Jordona H. began losing her hearing at 30 years of age, which caused her to lose her job, stunted her joy of travel and impacted connections with her family. After getting a cochlear implant and choosing the Cochlear™ Kanso® Sound Processor, Jordona hopped right back into traveling, getting to experience the joy and sounds of the new environments and experiences around her with the ones she loves. Where have her travels taken her lately? Read her story to find out:
“It is amazing how we take things for granted every day until we are either losing them or they are already gone. I was born hearing, but I started to lose that basic sense when I was around 30 years old. Over six years, my hearing loss became so profound that I lost my job as a registered nurse, I was unable to hold meaningful conversations with my children (ages 8 and 10) and it was frustrating to communicate with my husband.
I relied mostly on lip reading to get through a conversation. I became a homebody because there was too much anxiety and stress involved with going out in to a hearing world. My hearing loss is invisible and being so young, I felt like people did not understand why I could not hear them…so I simply stayed home.
The wait for cochlear implant surgery
Due to the health care system in Canada, I had to wait for my cochlear implant surgery. I was initially told my wait could be up to two years for surgery, but thankfully, I was able to get in on short notice within 10 months.
Having my cochlear implant surgery and choosing the Kanso Sound Processor were the best decisions I ever made. I felt like I had nothing to lose and only something huge to potentially gain.
I remember getting the call that I was going to get the surgery, and it was going to happen two months before our planned trip to Disneyland® Park to celebrate our kids’ birthdays. I was worried about the upcoming trip and how I would handle it with my new cochlear implant and Kanso Sound Processor. I had already been making plans in my head about how I was going to enjoy Disneyland and take advantage of their captioning devices in the park without having a cochlear implant. I asked my surgeon about our planned trip and she encouraged it and told us to enjoy ourselves. Never in my wildest imagination did I think that just one month after my activation, I would be on the road.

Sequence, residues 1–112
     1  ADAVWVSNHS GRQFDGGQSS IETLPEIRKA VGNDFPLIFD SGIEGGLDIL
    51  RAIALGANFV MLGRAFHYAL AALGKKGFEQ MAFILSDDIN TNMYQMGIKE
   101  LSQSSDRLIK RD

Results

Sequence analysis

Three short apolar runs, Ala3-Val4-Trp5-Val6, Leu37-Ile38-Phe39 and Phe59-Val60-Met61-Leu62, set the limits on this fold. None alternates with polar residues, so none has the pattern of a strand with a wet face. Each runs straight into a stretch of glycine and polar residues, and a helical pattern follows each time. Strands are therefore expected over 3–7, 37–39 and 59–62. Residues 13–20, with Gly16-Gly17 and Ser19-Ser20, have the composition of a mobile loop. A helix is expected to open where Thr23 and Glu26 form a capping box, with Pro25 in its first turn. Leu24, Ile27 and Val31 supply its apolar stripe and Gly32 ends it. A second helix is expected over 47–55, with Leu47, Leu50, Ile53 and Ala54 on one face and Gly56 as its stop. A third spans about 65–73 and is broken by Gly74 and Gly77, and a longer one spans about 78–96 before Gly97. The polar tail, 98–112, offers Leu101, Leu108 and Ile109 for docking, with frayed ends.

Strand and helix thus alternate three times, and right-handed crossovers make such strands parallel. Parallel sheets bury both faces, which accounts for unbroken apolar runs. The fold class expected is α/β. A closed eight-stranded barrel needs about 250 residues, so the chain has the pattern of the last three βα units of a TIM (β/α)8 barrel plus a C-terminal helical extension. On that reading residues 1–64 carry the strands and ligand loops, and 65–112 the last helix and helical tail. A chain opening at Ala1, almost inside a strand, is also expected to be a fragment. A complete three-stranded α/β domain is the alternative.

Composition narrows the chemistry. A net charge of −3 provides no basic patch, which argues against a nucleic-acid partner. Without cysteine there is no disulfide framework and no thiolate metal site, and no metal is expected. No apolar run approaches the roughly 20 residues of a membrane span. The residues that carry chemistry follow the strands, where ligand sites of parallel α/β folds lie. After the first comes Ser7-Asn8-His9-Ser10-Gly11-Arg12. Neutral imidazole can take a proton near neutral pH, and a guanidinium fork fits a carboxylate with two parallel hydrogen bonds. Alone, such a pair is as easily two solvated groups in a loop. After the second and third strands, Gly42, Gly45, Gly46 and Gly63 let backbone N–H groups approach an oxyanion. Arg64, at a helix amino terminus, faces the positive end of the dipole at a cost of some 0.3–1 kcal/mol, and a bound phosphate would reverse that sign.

On the road with my Kanso
I was nervous leaving home with this new device and all of its equipment, but I tried to embrace it and use it as the ultimate rehabilitation for my hearing. In the airport, I was able to hear little bits and pieces of the announcements, which I never have been able to do before my implant. On the airplane, it was the same thing. I was a bit more comfortable and confident with the flight attendants when conversing with them than before. It was still a struggle, but nowhere near as difficult.
Once at Disneyland® Park, the change became even more apparent! Walking down the streets, I remember taking my Kanso Sound Processor off, trying to replicate how my trip would have been without it. I was so grateful in that moment I had my Kanso and that I was able to enjoy so much more of the trip thanks to it. The music that was playing was crisper and clearer; all the conversations around me were as well. I was actually able to make out some words of conversations going on around me! The change was happening so quickly.